My second confession is that I dealt with my father’s death the only way I knew how. I forced myself to forget him. Unfortunately I succeeded all too well. I now recall precious little about the man except his intense love for God and a faith as resilient as steel plated amour. He now rests in the “Garden of Faith,” Lot 4, Parklawn Memorial Cemetery, Hampton, Virginia. This is as it should be. What is not as it should be is the fact that I felt no emotion when I visited him. I “felt” like I should “feel” something…but 43 years of forced repression will seer any memory. I loved my father but he is much more like a dream to me now than a memory. For 43 years I feared what “might” happen should I visit him. Were that there was enough emotion left in me to warrant such a fear. Regardless of emotion or lack thereof, there are now no more misunderstandings between us. We had that long overdo “talk” and the air is now clear. I snapped a few pictures, pulled a few weeds from around the headstone and left with my reconciliation. I’ll be back from time to time, Lord willing.
As a result of my fathers death, my high school years were fraught with loneliness, insecurity and the burden of never hanging around when my buddies spoke about their dads. No ball games, no hunting or fishing trips, no father-son “talks” for me. I was the lone man out in high school and I viewed myself as being type cast as a permanent loner for reasons I could not begin to comprehend. Combine the usual teenage insecurities with being fatherless…I ran as fast as I could to get out of Hampton, Virginia upon graduation. I couldn’t forget about those years fast enough. No memories, no looking back and for sure…no class reunions.
That brings me to the very reason for this trip to begin with. I was invited to attend the 40th anniversary of the greatest class from the greatest high school of all time…, Hampton High School - the class of 1969. We even had a chant that said it all; “We’re so great, we’re so fine, we’re the class of 69!” For months, the thought of attending such a reunion haunted me. The thought of seeing those people again was downright terrifying. BUT, I knew I needed to go. If for no other reason, good, bad or indifferent, I would have closure. Even at the last possible moment I confess that I almost did not attend. At 6:10 p.m. Saturday night I was on the phone to Nancy and told her that I was exiting the car and going in “to get it over with as quick as possible.” [People have more enthusiasm for a root canal (minus the Novocaine) than I had Saturday night for a class reunion!] In her own very sweet and practical way she made me realize that I had come too far to turn back. And so I got out of the car and went inside 1610 Coliseum Center in Hampton, Virginia to confront the past I had so long sought to avoid. At the end of the evening we took a panoramic picture of the approximately 175 souls attending. As the photographer was preparing, we sang that old fight song. “Here’s to Hampton High School, here’s to HHS, here’s to our football team, oh yes, oh yes, oh yes!” I had a great time and a great reunion and by the way,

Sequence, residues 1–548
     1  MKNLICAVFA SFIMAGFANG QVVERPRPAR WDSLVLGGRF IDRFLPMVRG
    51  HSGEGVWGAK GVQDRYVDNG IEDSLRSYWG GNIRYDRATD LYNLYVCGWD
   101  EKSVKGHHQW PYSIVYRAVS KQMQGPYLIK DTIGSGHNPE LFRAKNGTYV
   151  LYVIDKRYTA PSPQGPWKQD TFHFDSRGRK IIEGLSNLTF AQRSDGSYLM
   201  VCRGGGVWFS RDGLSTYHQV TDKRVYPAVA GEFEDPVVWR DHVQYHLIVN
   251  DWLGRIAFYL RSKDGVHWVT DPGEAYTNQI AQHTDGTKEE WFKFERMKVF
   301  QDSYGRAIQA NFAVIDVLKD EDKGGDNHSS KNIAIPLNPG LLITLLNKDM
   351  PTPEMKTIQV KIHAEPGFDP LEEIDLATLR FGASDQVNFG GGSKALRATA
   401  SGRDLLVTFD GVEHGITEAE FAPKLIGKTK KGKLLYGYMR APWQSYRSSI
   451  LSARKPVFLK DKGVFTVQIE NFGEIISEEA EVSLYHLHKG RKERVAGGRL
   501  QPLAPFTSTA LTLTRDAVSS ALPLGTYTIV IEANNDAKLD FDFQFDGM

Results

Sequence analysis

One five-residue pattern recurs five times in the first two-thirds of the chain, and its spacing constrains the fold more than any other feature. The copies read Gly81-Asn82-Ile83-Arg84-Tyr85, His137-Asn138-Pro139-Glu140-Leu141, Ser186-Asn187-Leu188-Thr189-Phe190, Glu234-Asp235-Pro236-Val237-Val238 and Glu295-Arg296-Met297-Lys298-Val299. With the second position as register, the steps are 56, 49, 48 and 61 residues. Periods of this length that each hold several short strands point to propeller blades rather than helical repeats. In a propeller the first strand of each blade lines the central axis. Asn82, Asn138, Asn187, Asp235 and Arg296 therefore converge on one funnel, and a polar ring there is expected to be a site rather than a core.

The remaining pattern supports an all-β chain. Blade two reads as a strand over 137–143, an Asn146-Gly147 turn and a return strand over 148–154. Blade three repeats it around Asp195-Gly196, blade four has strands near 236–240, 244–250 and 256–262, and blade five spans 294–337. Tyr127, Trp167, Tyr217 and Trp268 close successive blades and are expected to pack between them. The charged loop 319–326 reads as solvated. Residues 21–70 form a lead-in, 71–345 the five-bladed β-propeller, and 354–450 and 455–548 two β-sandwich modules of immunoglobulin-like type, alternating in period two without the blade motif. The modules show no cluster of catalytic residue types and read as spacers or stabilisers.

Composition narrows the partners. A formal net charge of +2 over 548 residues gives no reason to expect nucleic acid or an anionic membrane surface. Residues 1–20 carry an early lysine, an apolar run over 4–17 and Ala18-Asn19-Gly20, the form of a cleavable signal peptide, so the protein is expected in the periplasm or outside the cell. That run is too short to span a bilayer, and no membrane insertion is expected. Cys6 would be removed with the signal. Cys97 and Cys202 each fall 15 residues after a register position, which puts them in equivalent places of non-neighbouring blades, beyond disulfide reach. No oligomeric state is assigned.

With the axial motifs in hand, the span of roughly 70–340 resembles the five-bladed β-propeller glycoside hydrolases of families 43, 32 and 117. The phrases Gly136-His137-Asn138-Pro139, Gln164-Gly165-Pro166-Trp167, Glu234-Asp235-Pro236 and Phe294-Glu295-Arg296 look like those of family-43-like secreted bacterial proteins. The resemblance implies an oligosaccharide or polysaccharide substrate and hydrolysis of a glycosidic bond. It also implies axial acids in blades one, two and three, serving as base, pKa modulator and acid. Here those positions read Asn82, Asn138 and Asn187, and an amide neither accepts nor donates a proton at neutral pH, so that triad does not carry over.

Thanks for going with me, Dad. I love you.